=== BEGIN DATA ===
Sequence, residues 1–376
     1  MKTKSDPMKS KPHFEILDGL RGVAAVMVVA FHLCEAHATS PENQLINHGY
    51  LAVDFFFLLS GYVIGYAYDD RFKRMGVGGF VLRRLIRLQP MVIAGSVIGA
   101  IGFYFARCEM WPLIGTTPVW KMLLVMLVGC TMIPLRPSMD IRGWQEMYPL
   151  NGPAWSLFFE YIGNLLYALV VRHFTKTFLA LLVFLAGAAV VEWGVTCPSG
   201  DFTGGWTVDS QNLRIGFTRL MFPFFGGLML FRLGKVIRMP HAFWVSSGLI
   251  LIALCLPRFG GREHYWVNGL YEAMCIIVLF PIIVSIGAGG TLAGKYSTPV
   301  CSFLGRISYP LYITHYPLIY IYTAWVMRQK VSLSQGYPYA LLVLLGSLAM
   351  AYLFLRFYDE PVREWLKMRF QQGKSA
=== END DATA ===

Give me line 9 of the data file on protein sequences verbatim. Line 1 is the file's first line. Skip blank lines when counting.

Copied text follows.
   351  AYLFLRFYDE PVREWLKMRF QQGKSA